(4/30) =  .1333

9

4

(4/30) = .1333

Total

30

1

 

Marks

Frequency

Relative Frequency ( % )

0-10

8

(8/30) = 0.2667

10-20

11

(11/30)  = 0. 3666

20-30

8

(8/30)  = 0. 2667

30-40

3

(3/30)  = 0.10

Total

30

1

Classical Approaches to Probability:

Probability can be measured in three ways – Classical Approach, Relative Frequency Approach and Subjective Approach. This paragraph discusses in details about the classical approach. Probability refers to the concept of measuring the likelihood of something that can happen or is happening. The classical approach of probability states that it is simple probabilistic form that has the chances of equal odds to happen. It is basically a statistical concept that measures the likelihood of something that is happening or is about to happen but in a sense that it contains the elements, which are equally likely to happen.  

We denote P (A) as the probability of an event A. We use a very simple formula in order to calculate the classical probability. The formula is –

Probability = [Number of Favorable Outcomes (N) / Number of Possible Outcomes (f)]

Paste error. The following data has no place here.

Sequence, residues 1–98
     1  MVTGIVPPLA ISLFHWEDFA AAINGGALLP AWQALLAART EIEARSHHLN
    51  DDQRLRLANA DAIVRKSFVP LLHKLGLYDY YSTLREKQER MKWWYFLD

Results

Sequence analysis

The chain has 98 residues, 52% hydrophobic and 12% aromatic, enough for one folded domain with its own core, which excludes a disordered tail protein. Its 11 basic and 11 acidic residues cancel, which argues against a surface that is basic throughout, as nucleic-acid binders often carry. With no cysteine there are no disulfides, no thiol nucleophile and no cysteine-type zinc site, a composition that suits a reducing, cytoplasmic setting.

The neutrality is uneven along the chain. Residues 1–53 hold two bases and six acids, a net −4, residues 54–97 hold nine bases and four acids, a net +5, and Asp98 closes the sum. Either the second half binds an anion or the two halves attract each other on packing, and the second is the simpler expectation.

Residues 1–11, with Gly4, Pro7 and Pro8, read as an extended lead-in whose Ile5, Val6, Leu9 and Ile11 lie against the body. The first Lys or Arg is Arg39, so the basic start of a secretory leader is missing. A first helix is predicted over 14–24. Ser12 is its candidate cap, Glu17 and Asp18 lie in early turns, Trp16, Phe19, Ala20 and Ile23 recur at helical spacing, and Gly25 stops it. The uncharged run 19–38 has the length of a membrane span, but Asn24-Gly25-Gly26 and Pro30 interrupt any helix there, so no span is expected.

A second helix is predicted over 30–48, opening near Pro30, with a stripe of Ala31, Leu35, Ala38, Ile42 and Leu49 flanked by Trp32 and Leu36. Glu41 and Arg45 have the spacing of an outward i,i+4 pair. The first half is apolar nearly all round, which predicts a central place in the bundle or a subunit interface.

Some of the examples are given as below:

  1. Finding out even numbers in a through of a die.

A die have six numbers printed over it and they are 1, 2, 3, 4, 5 and 6. So the number of possible outcome is 6. There are three even numbers in a die which are 2, 4, 6. The number of favorable outcome is therefore 3. So the probability is 3/6 which is equal to ½.

  1. The formula can be only used when all the events are equally likely. So if we choose any card from a general deck of card it gives a probability of 1/52 of getting a particular type of card. So if it is asked to find out the probability of selecting an ace from a deck of card, then the probability would be –

Total card – 52

Total type – 4 (Spade, Heart, Club and Diamond)

Number of cards in each type – 13

Each type has an ace. So number of Aces will be 4. Total count is 52. Therefore Probability = N/f = 4/52 = 1/13.

Difference between Frequency Table and Relative Frequency Table

  1. Frequency refers to the number of times a particular event is occurring whereas relative frequency refers to the number of time the event happens divided by the total number of repetition.
  2. Frequency table uses tally marks whereas relative frequency does not use tally marks.
  3. Frequency table represents the data in numerical form whereas relative frequency represents the data in percentage or proportionate form.   
  4. Frequency can be easily found through simple observation and notation whereas relative frequency is obtained by using simple division. Construction of frequency table involves arranging the collected data in ascending orders along with their respective frequencies, whereas relative frequency table represents a chart showing the mode of the collected data, which is based upon the population sampled.